Down syndrome is the most commonly occurring genetic condition. One in every 691 babies in the United States is born with Down syndrome, or approximately 6,000 births per year. Today, there are more than 400,000 people with Down syndrome living in the United States.
On Hawai’i Island, as in most of the United States,individuals with Down syndrome live at home with their families. Full Life Direct Support Workers support many individuals on Hawai’i Island with Down Syndrome assisting them in living full lives pursuing their vocational, social, educational and recreational choices.
Individuals with Down Syndrome are valuable employees.
They are employed in small- and medium-sized offices: by banks, corporations, nursing homes, hotels and restaurants. They work in the music and entertainment industry, in clerical positions, childcare, the sports field and in the computer industry to name a few.
All people with Down syndrome have an extra, critical portion of chromosome 21 present in all or some of their cells. This additional genetic material alters the course of development and causes the characteristics associated with Down syndrome.
Research has shown that this extra chromosome or “translocation” increases in frequency as a woman ages. However, due to higher birth rates in younger women, 80% of children with Down syndrome are born to women under 35 years of age.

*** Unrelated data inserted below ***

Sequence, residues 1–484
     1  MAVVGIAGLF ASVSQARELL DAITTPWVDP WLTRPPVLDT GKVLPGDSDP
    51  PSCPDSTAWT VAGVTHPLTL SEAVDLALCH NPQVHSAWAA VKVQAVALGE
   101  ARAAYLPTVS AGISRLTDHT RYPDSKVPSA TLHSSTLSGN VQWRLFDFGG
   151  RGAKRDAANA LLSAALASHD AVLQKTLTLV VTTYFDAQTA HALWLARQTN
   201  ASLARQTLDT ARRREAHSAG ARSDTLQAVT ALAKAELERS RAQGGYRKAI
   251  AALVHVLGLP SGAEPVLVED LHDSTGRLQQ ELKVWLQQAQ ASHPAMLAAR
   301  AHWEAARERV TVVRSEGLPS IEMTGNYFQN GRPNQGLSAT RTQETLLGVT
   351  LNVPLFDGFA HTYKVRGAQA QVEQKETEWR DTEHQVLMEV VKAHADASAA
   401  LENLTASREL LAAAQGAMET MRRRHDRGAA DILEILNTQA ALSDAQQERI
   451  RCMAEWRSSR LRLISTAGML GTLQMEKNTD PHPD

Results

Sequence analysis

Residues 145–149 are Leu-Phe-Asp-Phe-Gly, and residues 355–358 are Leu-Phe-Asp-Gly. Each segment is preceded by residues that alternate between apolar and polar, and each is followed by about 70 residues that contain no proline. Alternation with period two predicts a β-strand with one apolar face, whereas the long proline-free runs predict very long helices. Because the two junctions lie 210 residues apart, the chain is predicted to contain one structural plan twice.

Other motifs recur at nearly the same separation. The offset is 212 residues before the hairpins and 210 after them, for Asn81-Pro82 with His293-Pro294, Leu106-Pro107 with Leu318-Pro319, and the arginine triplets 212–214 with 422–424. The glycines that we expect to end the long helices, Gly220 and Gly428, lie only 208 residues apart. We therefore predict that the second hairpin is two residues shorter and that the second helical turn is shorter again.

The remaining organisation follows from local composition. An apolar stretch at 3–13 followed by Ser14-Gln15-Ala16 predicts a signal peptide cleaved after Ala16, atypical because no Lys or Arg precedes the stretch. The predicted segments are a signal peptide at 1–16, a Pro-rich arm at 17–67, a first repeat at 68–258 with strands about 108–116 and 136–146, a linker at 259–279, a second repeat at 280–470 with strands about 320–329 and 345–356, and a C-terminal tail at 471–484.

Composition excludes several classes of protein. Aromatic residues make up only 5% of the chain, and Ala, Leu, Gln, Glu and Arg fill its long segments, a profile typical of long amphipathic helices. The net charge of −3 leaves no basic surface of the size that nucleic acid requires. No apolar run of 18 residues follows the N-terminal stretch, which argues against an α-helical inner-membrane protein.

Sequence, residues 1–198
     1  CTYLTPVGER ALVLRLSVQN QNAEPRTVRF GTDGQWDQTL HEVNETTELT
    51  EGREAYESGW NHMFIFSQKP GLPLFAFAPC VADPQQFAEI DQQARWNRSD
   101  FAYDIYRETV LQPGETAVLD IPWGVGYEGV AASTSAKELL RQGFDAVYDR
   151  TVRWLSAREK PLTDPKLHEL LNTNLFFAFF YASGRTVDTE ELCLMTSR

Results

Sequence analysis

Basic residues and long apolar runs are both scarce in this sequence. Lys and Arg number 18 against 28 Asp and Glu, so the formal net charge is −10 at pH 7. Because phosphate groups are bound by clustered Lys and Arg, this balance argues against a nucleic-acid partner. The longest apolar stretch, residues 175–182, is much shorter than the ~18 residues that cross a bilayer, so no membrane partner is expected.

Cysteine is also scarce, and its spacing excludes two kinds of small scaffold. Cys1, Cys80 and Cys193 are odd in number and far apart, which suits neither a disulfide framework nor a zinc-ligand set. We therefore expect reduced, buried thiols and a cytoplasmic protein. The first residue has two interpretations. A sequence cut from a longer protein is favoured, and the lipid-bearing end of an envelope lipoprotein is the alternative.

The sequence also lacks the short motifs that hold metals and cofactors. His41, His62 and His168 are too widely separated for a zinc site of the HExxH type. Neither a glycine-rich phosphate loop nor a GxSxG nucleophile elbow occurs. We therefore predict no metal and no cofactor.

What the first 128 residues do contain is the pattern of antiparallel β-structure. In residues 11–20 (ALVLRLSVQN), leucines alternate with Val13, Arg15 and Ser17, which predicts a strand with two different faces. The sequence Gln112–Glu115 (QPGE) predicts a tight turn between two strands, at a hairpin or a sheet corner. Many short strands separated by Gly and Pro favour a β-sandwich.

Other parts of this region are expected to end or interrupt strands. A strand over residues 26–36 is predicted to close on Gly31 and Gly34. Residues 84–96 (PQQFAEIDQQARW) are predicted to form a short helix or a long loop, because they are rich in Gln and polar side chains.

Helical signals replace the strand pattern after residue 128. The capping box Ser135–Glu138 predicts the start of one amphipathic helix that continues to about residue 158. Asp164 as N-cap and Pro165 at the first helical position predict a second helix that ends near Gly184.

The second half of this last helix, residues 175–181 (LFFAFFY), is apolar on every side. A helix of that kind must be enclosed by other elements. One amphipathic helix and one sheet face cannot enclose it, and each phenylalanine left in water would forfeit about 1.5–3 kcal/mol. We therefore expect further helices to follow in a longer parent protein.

There is no definitive scientific research that indicates that Down syndrome is caused by environmental factors or the parents’ activities before or during pregnancy.
The additional partial or full copy of the 21st chromosome which causes Down syndrome can originate from either the father or the mother. Approximately 5% of the cases have been traced to the father.
Down syndrome occurs in people of all races and economic levels, though older women have an increased chance of having a child with Down syndrome. A 35 year old woman has about a one in 350 chance of conceiving a child with Down syndrome, and this chance increases gradually to 1 in 100 by age 40. At age 45 the incidence becomes approximately 1 in 30.
Due to advances in medical technology, individuals with Down syndrome are living longer than ever before. In 1910, children with Down syndrome were expected to survive to age nine. With the discovery of antibiotics, the average survival age increased to 19 or 20. Now, with recent advancements in clinical treatment, most particularly corrective heart surgeries, as many as 80% of adults with Down syndrome reach age 60, and many live even longer. Since more and more of us are interacting with individuals with Down syndrome Full Life encourages you to learn more.